Sunday, 3 January 2016

Doom: The Force Awakens - a comparison

Without any great enthusiasm, I went to see the new Star Wars film. To my surprise, it was actually good. I enjoyed it.

Certain plot events mirror the earlier films. But I was particularly struck by the careful way that the new production team had replicated the appearance of the older films. Instead of attempting to reimagine the droids, spaceships, and computer displays with modern special effects, as "The Phantom Menace" had done, they had instead replicated the appearance of special effects of the original trilogy. This was exactly the right thing to do. The atmosphere was right.

I was reminded of a series of home-made episodes for Doom, which attempt a similar feat: replicating the design approach of the first Doom game, while making a new game. This series is called "Doom The Way id Did" and it is a painstaking, high quality fan-made work. It was released in 2011, so this is old news, though probably also obscure.

The first Doom episode, "Knee Deep in the Dead", was mostly designed by John Romero. Two levels were made by other people, but the majority of the work was Romero's. The levels stand out among the very best of that game. It is the usual result of combining natural talent with considerable effort. For example, you can see some early versions of the maps in alpha versions of the game, and these show that Romero was willing to throw out large chunks of work and redesign in order to make improvements. That is, if it wasn't good enough, he went back and did it again. The resulting quality of "Knee Deep in the Dead" has granted it a classic status that is, in my view, unmatched by any subsequent id Software game.

"Doom The Way id Did" is worth playing for its own sake, but also because it mostly succeeds in recapturing the feel of the old game. It's like an alternate-universe version of the game: the same sort of thing, without being the same thing. There was a strict editorial process, many contributions were rejected, and the designers even got feedback from Romero himself, so it was not merely a matter of studying his work.

At the same time, it was probably a lot better than anything Romero could reasonably have done today. He moved on to other things long ago, and would not have had time or motivation to create work of the same quality for some freely-downloadable Doom levels. It's not just talent, it's also effort, and a willingness to redo things. There was an official freely-downloadable Doom expansion, called "Ultimate Doom", which did have contributions from Romero. And they're not as good. Not terrible - certainly not "Phantom Menace" bad - but certainly less good.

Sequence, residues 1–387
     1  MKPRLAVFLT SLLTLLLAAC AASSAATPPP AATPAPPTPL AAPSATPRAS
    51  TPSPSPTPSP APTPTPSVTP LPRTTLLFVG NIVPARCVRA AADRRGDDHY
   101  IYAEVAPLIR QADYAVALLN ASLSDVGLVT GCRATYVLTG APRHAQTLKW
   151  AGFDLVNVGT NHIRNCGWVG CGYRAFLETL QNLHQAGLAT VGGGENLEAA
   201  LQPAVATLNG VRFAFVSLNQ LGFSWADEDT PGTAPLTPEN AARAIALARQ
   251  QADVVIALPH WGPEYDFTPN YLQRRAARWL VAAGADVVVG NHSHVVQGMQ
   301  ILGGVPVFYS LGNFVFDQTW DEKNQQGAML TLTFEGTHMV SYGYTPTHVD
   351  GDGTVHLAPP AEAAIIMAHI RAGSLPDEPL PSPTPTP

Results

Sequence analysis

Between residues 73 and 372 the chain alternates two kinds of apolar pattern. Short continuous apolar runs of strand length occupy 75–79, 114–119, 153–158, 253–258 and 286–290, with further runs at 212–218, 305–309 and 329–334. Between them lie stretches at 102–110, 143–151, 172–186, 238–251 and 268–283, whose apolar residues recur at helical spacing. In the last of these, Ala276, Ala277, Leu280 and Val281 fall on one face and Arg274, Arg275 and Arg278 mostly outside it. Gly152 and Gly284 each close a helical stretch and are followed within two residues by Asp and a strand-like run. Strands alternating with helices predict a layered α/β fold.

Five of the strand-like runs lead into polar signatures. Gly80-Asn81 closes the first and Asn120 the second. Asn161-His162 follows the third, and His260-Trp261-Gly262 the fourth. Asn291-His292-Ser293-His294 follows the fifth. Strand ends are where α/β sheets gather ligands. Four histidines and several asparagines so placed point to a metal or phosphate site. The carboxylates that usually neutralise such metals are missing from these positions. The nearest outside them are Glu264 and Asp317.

The comparison to George Lucas is now inevitable. The Phantom Menace was a blatant first draft, completely lacking any effort to retune, redesign and improve. The filmmaker had protection from editors, but some sort of review/improvement process is crucial for high-quality work. The project should have been left to fans, with Lucas advising from the side, if at all. When the fans actually do the work, as in the more recent film, the results are far better. They replicate the appearance and the atmosphere of the earlier work while creating something new, and it really matters to them to get it exactly right.

Postscript. If you play "Doom The Way id Did", I can also recommend a couple of similar Doom projects, which were produced before it. These were both made by a single person, rather than a team of designers and an editor, but the quality is still really high. "Needs More Detail" is an earlier project which went against a trend towards greater detail and complexity, returning to a classic design that ended up being quite similar to the original game. "Wonderful Doom" is also a predecessor with a similar design goal to DTWID, and it's good fun too.

Update 18/1/16. By an extraordinary coincidence, Romero did release a new level for Doom two weeks after I wrote this. Details are here. I have not yet played this level, but I look forward to doing so.